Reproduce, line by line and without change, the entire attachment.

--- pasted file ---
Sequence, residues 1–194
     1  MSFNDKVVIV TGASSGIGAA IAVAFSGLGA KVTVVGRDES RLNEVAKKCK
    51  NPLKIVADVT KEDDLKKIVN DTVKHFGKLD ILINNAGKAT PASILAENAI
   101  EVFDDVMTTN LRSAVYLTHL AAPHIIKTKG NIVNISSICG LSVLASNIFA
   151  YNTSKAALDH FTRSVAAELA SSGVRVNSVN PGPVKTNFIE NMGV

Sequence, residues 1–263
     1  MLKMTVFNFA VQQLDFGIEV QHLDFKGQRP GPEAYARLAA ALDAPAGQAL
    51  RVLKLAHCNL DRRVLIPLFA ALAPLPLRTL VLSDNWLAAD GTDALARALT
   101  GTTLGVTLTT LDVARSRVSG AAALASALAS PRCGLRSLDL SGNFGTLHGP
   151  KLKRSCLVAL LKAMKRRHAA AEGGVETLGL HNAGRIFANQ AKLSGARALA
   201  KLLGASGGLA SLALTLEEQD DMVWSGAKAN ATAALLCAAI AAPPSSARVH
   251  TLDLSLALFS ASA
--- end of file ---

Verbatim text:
Sequence, residues 1–194
     1  MSFNDKVVIV TGASSGIGAA IAVAFSGLGA KVTVVGRDES RLNEVAKKCK
    51  NPLKIVADVT KEDDLKKIVN DTVKHFGKLD ILINNAGKAT PASILAENAI
   101  EVFDDVMTTN LRSAVYLTHL AAPHIIKTKG NIVNISSICG LSVLASNIFA
   151  YNTSKAALDH FTRSVAAELA SSGVRVNSVN PGPVKTNFIE NMGV

Sequence, residues 1–263
     1  MLKMTVFNFA VQQLDFGIEV QHLDFKGQRP GPEAYARLAA ALDAPAGQAL
    51  RVLKLAHCNL DRRVLIPLFA ALAPLPLRTL VLSDNWLAAD GTDALARALT
   101  GTTLGVTLTT LDVARSRVSG AAALASALAS PRCGLRSLDL SGNFGTLHGP
   151  KLKRSCLVAL LKAMKRRHAA AEGGVETLGL HNAGRIFANQ AKLSGARALA
   201  KLLGASGGLA SLALTLEEQD DMVWSGAKAN ATAALLCAAI AAPPSSARVH
   251  TLDLSLALFS ASA